DW Forum - There is a fellow from India who always calls Bruce Lee `Master Lee',and capitalizes any words referring to `Him'.He has also put some rather unflattering remarks on his Indian fan club website about you by taking quotes of yours out of context and saying that you are essential insulting `Master Lee'. Can you tell us how Bruce Lee would respond and treat somebody who would call him `Master Lee' outside a formal class setting?Did you or Chuck or Mike Stone ever have to call him sifu or such?Or did Lee tell you to call him by his name?

Joe Lewis - Bruce Lee always called me "Joe," and I always called him, "Bruce." Bruce told me he was not a master but rather a student master. He called himself this because he felt he was always still learning. He joked about some who called him "sifu." As far as what some of these uninformed people from foreign websites say about me or Bruce, I wish they would exercise better judgment. You never talk about a person unless you have interviewed him, worked with him, or observed him training. Most people who talk about Bruce and myself have never met either of us, interviewed either of us, or witnessed us training together. My only advice to the uneducated writers, who saturate the JKD world, bring us a little honor to your efforts, and in the future, as professional writers practice, do your homework first. Lastly, proper ethics teaches you not to attack somebody and then invite them to come onto a website to defend themselves. In response to attacks against me not being spiritual: The spiritual aspects of combat never made sense to the rational thinker. However, I studied objectivism and J. Krisnamurti before I ever met Bruce. He encouraged me to integrate these ideologies into my training. Before Krisnamurti died, I attended one of his lectures in Ojai, California. After his talk, he usually accepted visitors in the privacy of his company. I gave his staff a poster and pictures of Bruce Lee to present on Bruce's behalf. I told them that Krisnamurti was one of Bruce's idols. To me, this was an act of profound spiritualism. No other martial artist had done this for Bruce.

DW Forum - Are you still in contact with Chuck Norris and Mike Stone?

Joe Lewis - I recently did one of Chuck Norris' last shows on "Walker Texas Ranger." Chuck is in good shape but focuses his life on acting. Mike Stone lives in the Phillipines. So far as training goes, I have stayed in shape and remain on the cutting edge of the best knowledge available to top fighters.

DW Forum - What was/ is the greatest impact that Bruce had on you personally , whether it be from a physical , or spiritual sense? Also, what are your thoughts on the fact that he's still being talked about after all these decades?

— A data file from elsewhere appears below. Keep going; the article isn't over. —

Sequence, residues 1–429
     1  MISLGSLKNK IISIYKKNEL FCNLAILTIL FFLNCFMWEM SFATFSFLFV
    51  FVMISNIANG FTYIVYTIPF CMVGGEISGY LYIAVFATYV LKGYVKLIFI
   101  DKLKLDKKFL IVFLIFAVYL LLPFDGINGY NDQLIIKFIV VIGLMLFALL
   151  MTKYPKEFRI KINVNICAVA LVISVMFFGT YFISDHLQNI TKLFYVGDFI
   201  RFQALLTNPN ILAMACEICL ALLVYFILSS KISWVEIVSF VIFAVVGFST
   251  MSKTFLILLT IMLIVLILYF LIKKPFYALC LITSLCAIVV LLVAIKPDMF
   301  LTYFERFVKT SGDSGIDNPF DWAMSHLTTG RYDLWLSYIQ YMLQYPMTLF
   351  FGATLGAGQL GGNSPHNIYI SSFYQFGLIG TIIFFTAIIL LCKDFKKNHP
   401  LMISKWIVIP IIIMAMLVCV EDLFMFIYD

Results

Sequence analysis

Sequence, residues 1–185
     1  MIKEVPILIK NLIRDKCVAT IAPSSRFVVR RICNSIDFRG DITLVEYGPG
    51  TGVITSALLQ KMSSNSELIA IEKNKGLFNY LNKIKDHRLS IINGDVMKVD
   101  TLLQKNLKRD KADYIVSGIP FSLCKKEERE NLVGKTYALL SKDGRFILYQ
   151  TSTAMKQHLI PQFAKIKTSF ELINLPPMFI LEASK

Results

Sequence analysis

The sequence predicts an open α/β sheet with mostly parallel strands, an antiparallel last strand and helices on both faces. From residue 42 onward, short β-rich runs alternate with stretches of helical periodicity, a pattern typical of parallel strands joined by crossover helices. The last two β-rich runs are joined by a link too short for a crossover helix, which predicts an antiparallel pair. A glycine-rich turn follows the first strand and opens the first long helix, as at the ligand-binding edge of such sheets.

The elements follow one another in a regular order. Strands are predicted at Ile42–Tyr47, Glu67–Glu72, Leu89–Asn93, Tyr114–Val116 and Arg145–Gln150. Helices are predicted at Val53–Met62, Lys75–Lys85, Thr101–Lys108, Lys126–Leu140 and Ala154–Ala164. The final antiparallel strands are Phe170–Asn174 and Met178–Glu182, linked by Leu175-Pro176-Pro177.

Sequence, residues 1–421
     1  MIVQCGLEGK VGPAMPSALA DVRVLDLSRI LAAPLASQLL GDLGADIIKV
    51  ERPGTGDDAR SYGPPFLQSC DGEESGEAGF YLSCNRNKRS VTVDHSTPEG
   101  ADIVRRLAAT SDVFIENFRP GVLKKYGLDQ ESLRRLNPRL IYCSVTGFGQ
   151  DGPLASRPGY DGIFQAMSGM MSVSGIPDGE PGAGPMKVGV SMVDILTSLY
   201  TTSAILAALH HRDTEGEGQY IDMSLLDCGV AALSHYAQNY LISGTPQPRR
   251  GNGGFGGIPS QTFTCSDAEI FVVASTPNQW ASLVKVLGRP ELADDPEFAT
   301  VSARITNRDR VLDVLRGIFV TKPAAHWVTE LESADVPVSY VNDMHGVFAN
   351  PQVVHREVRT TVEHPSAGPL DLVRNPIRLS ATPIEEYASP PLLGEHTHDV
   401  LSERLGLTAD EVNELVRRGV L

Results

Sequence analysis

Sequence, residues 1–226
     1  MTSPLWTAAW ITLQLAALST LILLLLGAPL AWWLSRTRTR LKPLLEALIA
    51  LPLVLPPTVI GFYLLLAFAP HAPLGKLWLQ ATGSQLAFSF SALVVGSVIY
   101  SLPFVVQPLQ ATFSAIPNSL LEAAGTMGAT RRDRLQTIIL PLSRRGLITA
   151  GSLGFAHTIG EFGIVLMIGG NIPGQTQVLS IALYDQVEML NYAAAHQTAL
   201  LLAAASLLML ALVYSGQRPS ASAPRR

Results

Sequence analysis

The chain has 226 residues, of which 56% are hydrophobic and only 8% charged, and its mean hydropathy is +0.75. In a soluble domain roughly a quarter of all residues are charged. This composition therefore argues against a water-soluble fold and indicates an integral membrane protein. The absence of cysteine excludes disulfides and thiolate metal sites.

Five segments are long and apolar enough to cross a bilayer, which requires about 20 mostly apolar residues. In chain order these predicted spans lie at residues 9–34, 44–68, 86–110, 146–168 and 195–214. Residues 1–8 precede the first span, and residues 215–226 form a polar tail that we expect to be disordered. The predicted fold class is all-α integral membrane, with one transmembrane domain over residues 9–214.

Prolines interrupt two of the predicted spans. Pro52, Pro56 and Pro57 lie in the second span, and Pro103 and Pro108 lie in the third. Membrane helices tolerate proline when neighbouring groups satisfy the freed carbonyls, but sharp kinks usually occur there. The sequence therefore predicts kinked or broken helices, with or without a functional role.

Joe Lewis - I had studied the philosophies of objectivism and J. Krisnamurti before I met Bruce. His ideas complemented and encouraged a similar ideology. He inspired me to embrace this way of thinking and integrated into my physical training. I admired his abstract thinking. These are people who think in principal. We were both artists in the sense of being able to draw and sketch. Although he was Chinese, I saw myself in him.

DW Forum - You have said on numerous occassions that Bruce was not a fighter, but at the same time you say that Bruce was the first Ph.D in martial arts fighting? And you have also written about how when you first met Bruce you were really prejudice in those days, especially of little guys as fighters, what changed your mind? You also write that in those days you didn't care much for talkers, you say, "don't tell me how to fight if you never fought", you go on to say "I was a doer in those days, and I didn't care much for talkers. In other words, don't tell me how great you are, how great your style is, or weather your stuff works or not. Let's simply get in the ring and I'll find out within a matter of seconds". What was it that changed your mind and become one of Bruce's students? Why were your classes private, and were Chuck Norris, or Mike Stone taught privatly also?

Joe Lewis - Bruce told me he did not care about competing. He had no interest in it, and he said he felt there was nothing to gain by him doing so. Little guys, in my opinion, have always been the best trainers. This is because tactically very early in their careers they figure out how to conquer larger opponents. Mike Stone, who I respect, convinced me to study with Bruce. Martial arts does not have a long history as does boxing. Bruce Lee was a wealth of knowledge. No one knew what he had. Bruce Lee was proud to be the instructor of three world champions, Norris, Stone, and myself. With private lessons, he could customize each lesson to fit and compliment the attributes of the individual. I teach this way also.

DW Forum - How do you end a fight with multiple opponents in a very quick and efficient way?? (4 or 5 Opponents). And Who is your hero? or a role model?